The Lasting Effects of Maternal Net Nutrition During US Economic Development

37 Pages Posted: 21 Apr 2016

See all articles by Scott A. Carson

Scott A. Carson

University of Texas of the Permian Basin; CESifo (Center for Economic Studies and Ifo Institute)

Date Written: March 24, 2016

Abstract

When traditional measures for economic welfare are scarce or unreliable, stature and the body mass index (BMI) are now widely-accepted measures that reflect economic conditions. However, little work exists for late 19th and early 20th century women’s BMIs in the US and how they varied with economic development. This study shows that after controlling for characteristics, African-American women had greater BMIs than lighter complexioned black and white women. Women from the Southwest were taller and had lower BMIs than women born elsewhere within the US. However, women’s BMIs did not vary by occupations. Women’s BMIs decreased throughout the late 19th and early 20th centuries, which may have implications for the health and cognitive development of lower socioeconomic status children who reached maturity in the mid-20th century.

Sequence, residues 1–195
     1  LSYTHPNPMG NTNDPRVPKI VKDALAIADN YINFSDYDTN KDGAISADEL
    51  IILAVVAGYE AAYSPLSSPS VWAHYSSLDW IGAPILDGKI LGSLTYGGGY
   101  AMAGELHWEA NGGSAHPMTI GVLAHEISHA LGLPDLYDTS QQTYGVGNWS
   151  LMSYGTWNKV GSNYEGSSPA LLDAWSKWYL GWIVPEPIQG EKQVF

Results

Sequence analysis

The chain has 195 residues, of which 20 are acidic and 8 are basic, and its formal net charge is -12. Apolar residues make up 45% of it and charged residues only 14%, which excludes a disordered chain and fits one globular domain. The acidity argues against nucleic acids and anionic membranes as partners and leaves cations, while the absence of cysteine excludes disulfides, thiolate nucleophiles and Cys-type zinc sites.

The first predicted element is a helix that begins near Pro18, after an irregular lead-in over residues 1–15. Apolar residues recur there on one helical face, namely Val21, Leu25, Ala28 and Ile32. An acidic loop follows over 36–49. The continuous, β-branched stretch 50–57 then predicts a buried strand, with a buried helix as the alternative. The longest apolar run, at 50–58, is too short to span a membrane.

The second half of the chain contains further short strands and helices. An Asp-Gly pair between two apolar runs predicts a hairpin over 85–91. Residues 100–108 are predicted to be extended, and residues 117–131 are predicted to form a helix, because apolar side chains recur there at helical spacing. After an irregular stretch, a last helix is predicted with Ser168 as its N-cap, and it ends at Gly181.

Keywords: late 19th and early 20th century women’s BMIs, ethnicity and BMI, women’s health during economic development

JEL Classification: N310, N320, I120, J150

Suggested Citation

Carson, Scott A., The Lasting Effects of Maternal Net Nutrition During US Economic Development (March 24, 2016). CESifo Working Paper Series No. 5827, Available at SSRN: https://ssrn.com/abstract=2767376

Scott A. Carson (Contact Author)

University of Texas of the Permian Basin ( email )

4901 East University
Odessa, TX 79762
United States

CESifo (Center for Economic Studies and Ifo Institute)

Poschinger Str. 5
Munich, DE-81679
Germany

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